Sustainable Waco: Growing Green
By Melissa Mullins
Anyone who’s been around Waco for very long has no doubt noticed the remarkable growth and development occurring, with everything from home construction to hotel revenue on the rise. All the new construction I see around me daily got me to wondering: how do cities around Texas and around the country encourage “green” infrastructure and what’s planned for Waco?
Sustainable development is loosely defined as meeting the needs of the present without compromising the ability to meet future needs. It is often discussed in terms of the ubiquitous “three-legged stool” metaphor with strong economic, environmental and social legs (people, planet, profit) all required if you don’t want a wobbly stool. Since my background is in biology (and not economics or social sciences), I wonder most about interactions of the natural and the built environment when communities grow.
In my neighborhood and around Texas
So, for instance, as the city block (pictured) that I pass by daily was converted from older houses to a new shopping center this year, what changes will take place in terms of water movement, soil, and plants? How can we capitalize on the new structures that are in place (such as rooftops)? Waco has lots of great outdoor green spaces- but are there things we can do to promote linkages and greenbelts in our community? I don’t claim to know the answers to these questions, but I do think we all should be a part of the conversation. And it’s a conversation that is not unique to Waco. About 85% of Texans currently live in urban areas, and the population of Texas’ cities is expected to double in the next 40 years, with metropolitan counties (including ours) accounting for nearly all the growth that will occur in the state.
Waco City Plan
There is certainly no shortage of information on the internet about “greening cities” around the country and around the world. Closer to home, The Waco City Council adopted the City Plan, Waco Comprehensive Plan 2040 a couple of years ago, and this plan discusses specifics for Waco related to economic development, growth management, transportation, community livability and the environment. In addition to outlining broad goals and objectives for Waco, specific implementation strategies are identified related to sustainable growth. For instance, City Ordinances could be adopted such as a parkland ordinance that would require developers to contribute to construction of parks, and creek beds could be developed as linear parks that could link neighborhoods to the Brazos River Corridor. There are recommendations to adopt stormwater utility fees that would encourage green infrastructure. The section of the plan on the Environment contains implementation strategies aimed at reducing impervious cover, conserving water, and encouraging sustainable planting practices using native plants. Some of the most exciting implementation strategies are related to energy and encourage considering the adoption of a green building code, promoting the use of solar power in residential, commercial, and industrial development, and taking specific actions to decrease the urban heat island effect.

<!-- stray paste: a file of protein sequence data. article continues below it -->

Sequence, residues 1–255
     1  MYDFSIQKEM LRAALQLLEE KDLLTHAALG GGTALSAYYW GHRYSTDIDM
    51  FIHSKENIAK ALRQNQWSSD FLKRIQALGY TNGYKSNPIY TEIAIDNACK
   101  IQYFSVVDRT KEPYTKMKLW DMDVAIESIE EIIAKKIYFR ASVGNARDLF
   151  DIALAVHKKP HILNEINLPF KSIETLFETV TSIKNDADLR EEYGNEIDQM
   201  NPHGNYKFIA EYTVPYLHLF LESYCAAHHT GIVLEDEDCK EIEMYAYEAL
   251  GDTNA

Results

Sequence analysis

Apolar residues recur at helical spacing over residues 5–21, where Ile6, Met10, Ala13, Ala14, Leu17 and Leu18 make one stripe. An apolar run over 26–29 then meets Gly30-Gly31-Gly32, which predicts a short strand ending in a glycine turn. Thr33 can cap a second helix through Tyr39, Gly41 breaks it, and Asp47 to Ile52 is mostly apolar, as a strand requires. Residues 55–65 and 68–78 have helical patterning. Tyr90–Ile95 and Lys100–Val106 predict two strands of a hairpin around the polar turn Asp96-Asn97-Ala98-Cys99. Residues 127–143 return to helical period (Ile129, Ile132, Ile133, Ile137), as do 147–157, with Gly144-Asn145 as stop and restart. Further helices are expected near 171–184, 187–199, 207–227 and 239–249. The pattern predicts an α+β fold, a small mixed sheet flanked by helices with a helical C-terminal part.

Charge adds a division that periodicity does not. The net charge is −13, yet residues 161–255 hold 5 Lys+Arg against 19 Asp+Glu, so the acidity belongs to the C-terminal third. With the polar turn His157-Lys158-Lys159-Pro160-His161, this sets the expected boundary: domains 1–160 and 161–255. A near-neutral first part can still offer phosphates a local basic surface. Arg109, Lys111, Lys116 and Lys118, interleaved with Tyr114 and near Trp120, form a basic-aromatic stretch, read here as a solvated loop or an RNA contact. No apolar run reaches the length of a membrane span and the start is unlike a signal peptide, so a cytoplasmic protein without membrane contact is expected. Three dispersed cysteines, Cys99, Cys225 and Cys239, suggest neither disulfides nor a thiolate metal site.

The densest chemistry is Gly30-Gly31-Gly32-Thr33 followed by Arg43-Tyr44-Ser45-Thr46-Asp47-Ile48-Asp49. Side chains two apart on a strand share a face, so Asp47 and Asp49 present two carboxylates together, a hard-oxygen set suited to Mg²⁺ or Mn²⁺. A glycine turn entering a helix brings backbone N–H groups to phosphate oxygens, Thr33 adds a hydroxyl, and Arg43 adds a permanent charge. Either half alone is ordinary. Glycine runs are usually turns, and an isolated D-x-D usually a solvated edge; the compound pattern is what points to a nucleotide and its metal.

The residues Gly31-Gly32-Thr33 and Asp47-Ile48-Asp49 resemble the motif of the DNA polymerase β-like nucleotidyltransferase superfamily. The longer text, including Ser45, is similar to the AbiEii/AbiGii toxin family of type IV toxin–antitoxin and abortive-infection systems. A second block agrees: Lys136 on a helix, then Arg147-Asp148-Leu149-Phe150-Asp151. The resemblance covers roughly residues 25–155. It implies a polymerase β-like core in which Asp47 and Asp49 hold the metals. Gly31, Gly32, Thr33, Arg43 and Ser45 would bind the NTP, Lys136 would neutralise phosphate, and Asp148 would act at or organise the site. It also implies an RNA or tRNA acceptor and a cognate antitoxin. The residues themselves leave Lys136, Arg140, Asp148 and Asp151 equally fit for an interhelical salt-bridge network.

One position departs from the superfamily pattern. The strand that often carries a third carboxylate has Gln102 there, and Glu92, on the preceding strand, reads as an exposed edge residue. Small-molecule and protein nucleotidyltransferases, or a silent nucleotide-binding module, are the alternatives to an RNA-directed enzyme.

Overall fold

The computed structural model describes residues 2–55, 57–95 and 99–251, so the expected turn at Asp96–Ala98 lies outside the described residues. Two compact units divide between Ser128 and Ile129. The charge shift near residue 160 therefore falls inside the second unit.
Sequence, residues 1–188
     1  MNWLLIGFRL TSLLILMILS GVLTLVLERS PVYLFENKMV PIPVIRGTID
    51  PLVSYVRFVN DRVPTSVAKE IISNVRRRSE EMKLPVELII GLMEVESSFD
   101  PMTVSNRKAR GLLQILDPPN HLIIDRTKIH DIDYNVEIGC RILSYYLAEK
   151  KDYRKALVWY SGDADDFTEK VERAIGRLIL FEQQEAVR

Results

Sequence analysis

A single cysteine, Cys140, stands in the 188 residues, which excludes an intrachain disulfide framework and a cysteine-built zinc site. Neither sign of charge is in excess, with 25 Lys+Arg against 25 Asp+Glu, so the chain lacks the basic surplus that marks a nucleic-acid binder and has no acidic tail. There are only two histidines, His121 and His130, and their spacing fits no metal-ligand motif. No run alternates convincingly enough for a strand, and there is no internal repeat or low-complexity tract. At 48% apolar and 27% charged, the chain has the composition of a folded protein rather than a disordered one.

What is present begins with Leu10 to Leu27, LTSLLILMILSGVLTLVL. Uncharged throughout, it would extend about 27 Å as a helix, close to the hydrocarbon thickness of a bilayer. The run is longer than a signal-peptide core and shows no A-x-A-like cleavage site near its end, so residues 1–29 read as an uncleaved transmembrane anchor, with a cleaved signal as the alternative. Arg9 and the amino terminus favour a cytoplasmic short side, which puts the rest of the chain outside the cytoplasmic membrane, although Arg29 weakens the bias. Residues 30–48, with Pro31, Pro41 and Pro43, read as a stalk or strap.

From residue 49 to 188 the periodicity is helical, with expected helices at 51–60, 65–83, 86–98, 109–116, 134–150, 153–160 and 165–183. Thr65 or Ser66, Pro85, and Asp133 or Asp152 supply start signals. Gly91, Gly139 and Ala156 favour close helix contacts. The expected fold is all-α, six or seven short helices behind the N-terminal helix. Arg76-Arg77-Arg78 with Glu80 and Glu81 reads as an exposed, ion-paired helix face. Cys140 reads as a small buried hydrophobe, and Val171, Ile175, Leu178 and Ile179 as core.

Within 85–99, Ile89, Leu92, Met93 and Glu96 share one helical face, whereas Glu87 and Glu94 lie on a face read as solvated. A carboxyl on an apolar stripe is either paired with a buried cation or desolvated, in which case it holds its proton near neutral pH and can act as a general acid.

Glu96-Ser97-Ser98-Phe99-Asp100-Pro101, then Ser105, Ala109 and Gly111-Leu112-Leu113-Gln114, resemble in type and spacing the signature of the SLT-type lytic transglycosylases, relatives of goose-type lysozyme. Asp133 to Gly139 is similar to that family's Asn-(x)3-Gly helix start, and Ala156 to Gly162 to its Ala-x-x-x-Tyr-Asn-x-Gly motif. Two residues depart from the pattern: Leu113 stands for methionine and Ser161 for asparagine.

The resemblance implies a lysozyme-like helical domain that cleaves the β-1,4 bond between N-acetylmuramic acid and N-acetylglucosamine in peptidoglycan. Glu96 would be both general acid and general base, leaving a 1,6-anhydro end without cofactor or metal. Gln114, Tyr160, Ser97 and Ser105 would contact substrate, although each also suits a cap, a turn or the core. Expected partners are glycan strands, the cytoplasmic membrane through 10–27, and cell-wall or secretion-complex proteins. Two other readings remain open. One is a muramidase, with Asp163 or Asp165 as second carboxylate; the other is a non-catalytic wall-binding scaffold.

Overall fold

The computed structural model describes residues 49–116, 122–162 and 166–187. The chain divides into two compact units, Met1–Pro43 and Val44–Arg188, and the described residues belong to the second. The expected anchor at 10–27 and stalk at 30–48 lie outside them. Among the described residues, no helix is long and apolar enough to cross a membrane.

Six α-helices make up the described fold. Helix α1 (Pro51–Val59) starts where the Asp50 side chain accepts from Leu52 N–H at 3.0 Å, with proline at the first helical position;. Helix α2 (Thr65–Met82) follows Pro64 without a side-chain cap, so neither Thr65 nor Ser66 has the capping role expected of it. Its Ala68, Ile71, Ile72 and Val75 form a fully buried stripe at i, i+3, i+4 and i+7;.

What can I do?
A city plan is only a starting point of course, and only as good as the action that comes from it. There are other entities besides government (such as non-profits) that play an integral part in advocating for all three legs of sustainable growth in Waco and surrounding communities. How can interested citizens be involved? We are often given lists of individual actions we can take that are sustainable (recycling, taking our own bags to the grocery store, etc.) and while these are all great ideas, our real strength and ability to promote sustainability is as a community, which is more than a loose affiliation of individuals doing their own “green” thing. So maybe for me that means forcing myself to go to public meetings (though I hate them) where issues I care about are on the agenda. What does it mean for you? Some places to look for inspiration might include: Keep Waco Beautiful, the Waco Sustainable Resource Practices Advisory Board, Sustainable Waco Facebook group, Heart of Texas Master Naturalists, McLennan County Master Gardeners – feel free to share others you know about in the comments section!
Melissa Mullins coordinates water education and outreach at Baylor’s Center for Reservoir and Aquatic Systems Research. She’s lived in various neighborhoods in Waco and McLennan Co over the last 25 years, loves spending time outside, and is a library patron.
The Act Locally Waco blog publishes posts with a connection to these aspirations for Waco. If you are interested in writing for the Act Locally Waco Blog, please email email@example.com for more information.